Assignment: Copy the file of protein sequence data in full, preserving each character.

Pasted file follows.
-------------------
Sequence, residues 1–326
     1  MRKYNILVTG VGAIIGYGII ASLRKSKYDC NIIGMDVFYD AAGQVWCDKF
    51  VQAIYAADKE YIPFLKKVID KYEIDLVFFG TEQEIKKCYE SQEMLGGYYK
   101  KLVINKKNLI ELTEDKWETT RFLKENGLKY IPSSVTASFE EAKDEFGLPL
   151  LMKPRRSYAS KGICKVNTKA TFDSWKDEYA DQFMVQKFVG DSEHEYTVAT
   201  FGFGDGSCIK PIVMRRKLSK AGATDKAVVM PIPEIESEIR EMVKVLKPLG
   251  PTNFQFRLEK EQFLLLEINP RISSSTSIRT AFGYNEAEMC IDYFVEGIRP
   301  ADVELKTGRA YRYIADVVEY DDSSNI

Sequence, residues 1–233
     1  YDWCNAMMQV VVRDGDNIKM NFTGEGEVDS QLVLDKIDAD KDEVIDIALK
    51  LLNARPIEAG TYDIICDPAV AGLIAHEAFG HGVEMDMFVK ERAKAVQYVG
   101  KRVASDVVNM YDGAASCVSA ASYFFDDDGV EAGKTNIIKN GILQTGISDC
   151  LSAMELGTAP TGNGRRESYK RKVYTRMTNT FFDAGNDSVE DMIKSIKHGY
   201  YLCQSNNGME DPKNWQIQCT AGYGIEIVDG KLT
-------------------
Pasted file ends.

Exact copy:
Sequence, residues 1–326
     1  MRKYNILVTG VGAIIGYGII ASLRKSKYDC NIIGMDVFYD AAGQVWCDKF
    51  VQAIYAADKE YIPFLKKVID KYEIDLVFFG TEQEIKKCYE SQEMLGGYYK
   101  KLVINKKNLI ELTEDKWETT RFLKENGLKY IPSSVTASFE EAKDEFGLPL
   151  LMKPRRSYAS KGICKVNTKA TFDSWKDEYA DQFMVQKFVG DSEHEYTVAT
   201  FGFGDGSCIK PIVMRRKLSK AGATDKAVVM PIPEIESEIR EMVKVLKPLG
   251  PTNFQFRLEK EQFLLLEINP RISSSTSIRT AFGYNEAEMC IDYFVEGIRP
   301  ADVELKTGRA YRYIADVVEY DDSSNI

Sequence, residues 1–233
     1  YDWCNAMMQV VVRDGDNIKM NFTGEGEVDS QLVLDKIDAD KDEVIDIALK
    51  LLNARPIEAG TYDIICDPAV AGLIAHEAFG HGVEMDMFVK ERAKAVQYVG
   101  KRVASDVVNM YDGAASCVSA ASYFFDDDGV EAGKTNIIKN GILQTGISDC
   151  LSAMELGTAP TGNGRRESYK RKVYTRMTNT FFDAGNDSVE DMIKSIKHGY
   201  YLCQSNNGME DPKNWQIQCT AGYGIEIVDG KLT